Unresolved Border and Maritime Issues

SAARC does not have any arrangement for resolving disputes or mediating conflicts. Disputes among the member countries often hamper consensus building, thus slowing down the decision-making process. SAARC’s inability in this regard has been detrimental to its growth. For example – long pending issues between members like fishermen issue between India and Sri Lanka, Teesta water sharing between India and Bangladesh, lack of direct access to Afghanistan to other members except Pakistan have restricted in arriving at common ground for regional integration and also resulted in increased mistrust among the members.

Rising Bilateralism

Given SAARC’s failures, member countries have turned to bilateralism, which in turn has adversely affected the organisation. Bilateralism is an easier option since it calls for dealings between only two countries, whereas SAARC, at a regional level, requires one country to deal with seven countries. Thus, bilateralism decreases the countries’ dependence on SAARC to achieve their objectives, making them less interested in pursuing initiatives at a regional level.

Civilizations Clash

Professor Samuel Huntington has mentioned in his book “The Clash of Civilizations” that SAARC has been a failure because according to him the countries belonging to organizations like the EU belong to the same culture but SAARC countries are those whose cultures are different. India and Pakistan are enemies of each other, they fight on minor things, and then how can these two countries support each other in one organization. No country in the region is having any feeling of belongingness with the other state.

Apart from these SAARC also faces a shortage of resources, and countries have been reluctant to increase their contributions. Almost every member is facing numerous internal crisis like Tamils issue in Sri Lanka, Constitutional crisis in Nepal, religious fundamentalism in Pakistan and Bangladesh, Terrorism and instability in Afghanistan has made these nations inward-looking with not much enthusiasm to achieve collaboration in the subcontinent.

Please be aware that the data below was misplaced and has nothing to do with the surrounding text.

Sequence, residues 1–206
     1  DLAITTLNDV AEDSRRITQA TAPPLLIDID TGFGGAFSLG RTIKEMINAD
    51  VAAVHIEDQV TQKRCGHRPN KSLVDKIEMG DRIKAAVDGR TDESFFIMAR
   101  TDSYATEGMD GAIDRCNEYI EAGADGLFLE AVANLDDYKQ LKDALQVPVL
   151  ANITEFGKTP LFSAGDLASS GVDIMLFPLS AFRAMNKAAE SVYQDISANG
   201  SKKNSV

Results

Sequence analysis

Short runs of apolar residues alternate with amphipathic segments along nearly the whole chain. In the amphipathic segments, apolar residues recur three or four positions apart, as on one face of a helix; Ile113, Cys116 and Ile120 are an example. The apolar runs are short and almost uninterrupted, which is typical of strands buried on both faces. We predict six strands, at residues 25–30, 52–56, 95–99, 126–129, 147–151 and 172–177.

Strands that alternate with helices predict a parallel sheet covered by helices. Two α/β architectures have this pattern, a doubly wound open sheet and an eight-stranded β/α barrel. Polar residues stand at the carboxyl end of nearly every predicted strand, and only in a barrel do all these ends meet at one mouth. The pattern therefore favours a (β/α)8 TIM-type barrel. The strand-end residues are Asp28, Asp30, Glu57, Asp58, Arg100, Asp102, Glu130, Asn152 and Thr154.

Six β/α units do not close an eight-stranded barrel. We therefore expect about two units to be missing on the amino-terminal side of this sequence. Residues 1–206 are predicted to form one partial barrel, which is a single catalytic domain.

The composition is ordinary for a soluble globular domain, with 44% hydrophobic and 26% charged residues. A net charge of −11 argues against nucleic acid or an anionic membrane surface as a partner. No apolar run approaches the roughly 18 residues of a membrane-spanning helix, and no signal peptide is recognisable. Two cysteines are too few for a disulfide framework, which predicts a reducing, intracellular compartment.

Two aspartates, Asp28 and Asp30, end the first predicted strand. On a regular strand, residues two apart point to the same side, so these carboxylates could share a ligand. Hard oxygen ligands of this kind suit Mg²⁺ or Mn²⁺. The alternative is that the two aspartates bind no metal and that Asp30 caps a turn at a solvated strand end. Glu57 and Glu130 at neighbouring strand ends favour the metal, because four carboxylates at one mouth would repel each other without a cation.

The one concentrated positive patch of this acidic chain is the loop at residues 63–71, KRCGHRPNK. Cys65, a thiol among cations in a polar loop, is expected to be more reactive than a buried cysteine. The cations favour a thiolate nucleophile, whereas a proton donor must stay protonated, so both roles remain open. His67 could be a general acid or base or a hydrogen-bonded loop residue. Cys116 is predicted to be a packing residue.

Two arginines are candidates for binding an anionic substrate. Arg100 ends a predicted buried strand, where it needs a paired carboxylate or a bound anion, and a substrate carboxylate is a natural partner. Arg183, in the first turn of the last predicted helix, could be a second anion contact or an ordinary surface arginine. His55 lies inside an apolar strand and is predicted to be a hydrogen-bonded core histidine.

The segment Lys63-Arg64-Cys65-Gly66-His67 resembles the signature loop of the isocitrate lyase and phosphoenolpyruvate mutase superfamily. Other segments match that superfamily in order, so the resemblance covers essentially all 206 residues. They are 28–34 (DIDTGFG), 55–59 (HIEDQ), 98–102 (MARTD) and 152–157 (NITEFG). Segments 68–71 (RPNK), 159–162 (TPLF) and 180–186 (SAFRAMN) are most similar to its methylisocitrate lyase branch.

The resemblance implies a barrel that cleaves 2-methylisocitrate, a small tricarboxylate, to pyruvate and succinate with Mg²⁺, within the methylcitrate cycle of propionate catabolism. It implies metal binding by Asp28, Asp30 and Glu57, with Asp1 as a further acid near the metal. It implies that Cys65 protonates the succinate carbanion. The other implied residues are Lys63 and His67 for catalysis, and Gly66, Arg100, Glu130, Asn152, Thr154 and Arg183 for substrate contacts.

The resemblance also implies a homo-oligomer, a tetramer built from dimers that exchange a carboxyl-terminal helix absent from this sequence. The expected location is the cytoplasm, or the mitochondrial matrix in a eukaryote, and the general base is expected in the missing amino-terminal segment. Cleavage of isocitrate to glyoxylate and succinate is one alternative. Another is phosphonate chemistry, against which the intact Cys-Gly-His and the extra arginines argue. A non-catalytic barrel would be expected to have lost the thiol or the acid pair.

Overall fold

Way Forward for SAARC :

The failure of SAARC to nurture cooperation in South Asia has pushed regional players to search for an alternative. After SAARC, BBIN(Bangladesh, Bhutan, India, Nepal), BIMSTEC(the Bay of Bengal Initiative for Multi-Sectoral Technical and Economic Cooperation), BCIM(Bangladesh, China, India and Myanmar Economic Corridor) has also been initiated. Recently, BIMSTEC has gained more favour as an alternative to SAARC to deliver on connectivity, development, and counter-terrorism efforts because every nation is on board here. However, this does not make SAARC and BIMSTEC alternatives. SAARC is a purely regional organisation, whereas BIMSTEC is interregional and connects both South Asia and ASEAN. SAARC and BIMSTEC complement each other in terms of functions and goals. BIMSTEC provides SAARC countries with a unique opportunity to connect with ASEAN. Therefore, it is vital for the region that the organisation is strengthened. Whatever the flaws of the SAARC so far may be, it is the only platform where the local leaders meet and discuss issues of a region containing 1.7 billion people. It is up to the SAARC leaders to work together for a developed, peaceful and prosperous South Asia.


Political influence of media in India

Media, in literal terms, means a medium through which any sort of information can be transferred. Popularly known as the voice of the people, communication media is a platform through which people can access every piece of information, ranging from national news, international news, lifestyle, job options, intellectual articles and whatnot. It is the key driver in structuring public opinion and the sole agency for increasing transparency in the political system. 

The question here is, are the media houses in the Indian scenario as transparent and unbiased as they should be or are they functioning under the influence of one or the other political party? If all political parties have control over showing its information, will there be any accountability in the system?


Remembering Ahmed Patel

One of the staunchest pillars of the Indian National Congress, trustworthy, humble and in the words of Sonia Gandhi, an irreplaceable comrade [1] , Ahmedbhai Mohammedbhai Patel, popularly known as ‘Ahmed Bhai’ or AP in political circles, served as the powerful political secretary to Congress president Sonia Gandhi and represented Gujarat for eight terms in the parliament of India. During the 10 year rule of the Congress-led United Progressive Alliance (UPA), ‘AP’ was often referred to as the quintessential backroom strategist and crises manager who firmly remained in the background.